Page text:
SICK of your partner checking their phone during mealtimes?
Fast food giant KFC is suggesting you toss their device in the bucket.
KFC's Northmead store in New South Wales is trialling Mobile Collection Buckets for a week, encouraging their customers to ditch all their devices at dinner and talk instead. And other stores could follow.
The move comes after a survey which found the majority of Australians (67%) admitted their personal devices distracted them during meals.
Three in four (73%) expressed frustration with family and friends who checked their phones too much.
Nine in ten Aussies believe technology has made us less social at mealtime (87%).
But only one in four come clean to spending five minutes or more per meal using personal devices.
Overall, Australians each spend 4,970 minutes on their devices while eating.
Is the use of personal devices killing conversation?
This poll ended on 05 March 2014.
Yes. I hate it
No. What's to talk about?
No. We ban devices at the dinner table
Yes. But the kids won't listen
This is not a scientific poll. The results reflect only the opinions of those who chose to participate.
Family man, technology commentator and self-confessed tech-aholic, Trevor Long, has been challenged by KFC to spend a week without using personal devices when sharing meals with family and friends.
"This is not going to be easy for me at all - I surround myself with technology and am a heavy user of social media so I like to stay almost constantly connected and engaged via my technology," said Long.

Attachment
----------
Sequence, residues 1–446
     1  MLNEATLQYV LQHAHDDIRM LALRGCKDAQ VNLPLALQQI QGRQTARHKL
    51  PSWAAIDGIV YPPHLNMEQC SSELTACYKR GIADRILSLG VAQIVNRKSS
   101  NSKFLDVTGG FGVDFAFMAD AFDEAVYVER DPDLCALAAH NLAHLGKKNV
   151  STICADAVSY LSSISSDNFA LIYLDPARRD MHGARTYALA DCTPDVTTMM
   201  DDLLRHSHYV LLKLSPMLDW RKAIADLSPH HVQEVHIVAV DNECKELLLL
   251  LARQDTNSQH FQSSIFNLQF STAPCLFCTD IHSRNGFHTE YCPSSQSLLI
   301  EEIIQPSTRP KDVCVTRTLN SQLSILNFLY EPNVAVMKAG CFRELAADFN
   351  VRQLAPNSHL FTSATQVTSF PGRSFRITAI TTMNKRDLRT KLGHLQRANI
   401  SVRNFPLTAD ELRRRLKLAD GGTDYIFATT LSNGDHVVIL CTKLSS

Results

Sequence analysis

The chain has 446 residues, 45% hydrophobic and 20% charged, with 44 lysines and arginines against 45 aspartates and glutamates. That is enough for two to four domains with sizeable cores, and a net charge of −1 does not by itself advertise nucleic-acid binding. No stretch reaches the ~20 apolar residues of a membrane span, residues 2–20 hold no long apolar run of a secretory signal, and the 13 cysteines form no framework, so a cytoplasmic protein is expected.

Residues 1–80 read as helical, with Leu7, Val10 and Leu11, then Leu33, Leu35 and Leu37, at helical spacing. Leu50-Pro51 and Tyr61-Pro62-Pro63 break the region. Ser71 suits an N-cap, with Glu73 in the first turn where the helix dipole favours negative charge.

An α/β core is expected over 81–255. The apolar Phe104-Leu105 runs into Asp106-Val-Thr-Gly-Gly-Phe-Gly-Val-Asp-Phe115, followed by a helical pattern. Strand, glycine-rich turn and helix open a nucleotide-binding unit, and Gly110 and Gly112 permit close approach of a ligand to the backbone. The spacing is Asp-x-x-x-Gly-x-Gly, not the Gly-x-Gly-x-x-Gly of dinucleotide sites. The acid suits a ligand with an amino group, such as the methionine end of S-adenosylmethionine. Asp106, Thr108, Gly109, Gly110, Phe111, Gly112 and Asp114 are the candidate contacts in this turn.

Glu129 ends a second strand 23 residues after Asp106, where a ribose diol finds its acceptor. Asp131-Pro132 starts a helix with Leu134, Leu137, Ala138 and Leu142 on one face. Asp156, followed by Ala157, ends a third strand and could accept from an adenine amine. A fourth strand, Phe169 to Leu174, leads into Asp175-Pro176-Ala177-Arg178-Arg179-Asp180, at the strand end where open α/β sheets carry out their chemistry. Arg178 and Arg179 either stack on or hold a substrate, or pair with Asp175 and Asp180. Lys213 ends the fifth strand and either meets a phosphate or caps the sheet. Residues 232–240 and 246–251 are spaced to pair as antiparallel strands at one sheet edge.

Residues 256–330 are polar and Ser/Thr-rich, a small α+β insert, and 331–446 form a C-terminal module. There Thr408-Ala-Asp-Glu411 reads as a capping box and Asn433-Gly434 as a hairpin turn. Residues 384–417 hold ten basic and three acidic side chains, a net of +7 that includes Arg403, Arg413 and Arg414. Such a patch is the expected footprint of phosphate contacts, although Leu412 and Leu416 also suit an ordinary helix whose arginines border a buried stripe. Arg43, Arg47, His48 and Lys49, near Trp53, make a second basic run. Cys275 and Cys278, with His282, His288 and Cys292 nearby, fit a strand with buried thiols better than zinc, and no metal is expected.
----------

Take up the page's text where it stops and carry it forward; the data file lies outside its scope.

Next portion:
"We have a very young family, so meal time can be a long and drawn out process. As a result often the lure of social media or email can mean that gadget is used a bit more than perhaps it should be.
"Hopefully this challenge will show me just what I'm missing out on whether it's at home or at work when I'm taking a break for a meal - and this time it's a genuine break!"
KFC's Nikki Lawson said: "It's not uncommon for us to see customers using personal devices in KFC restaurants when they're sitting by themselves, but what's surprising is we often see groups of people buy a meal together then not speak to other as they're too busy with their phones and tablets."
THE MOBILE MENACE
• Men (70%) are more likely than women (67%) to check with personal devices over dinner, while women (79%) are more likely than men (67%) to become frustrated by others who check their phones too much
• The devices people use at the dinner table on a regular basis are:
o Smartphone/mobile (94%
o Laptop (76%)
o PCs (56%)
o iPad/iPad mini (47%)
o Tablets (24%)
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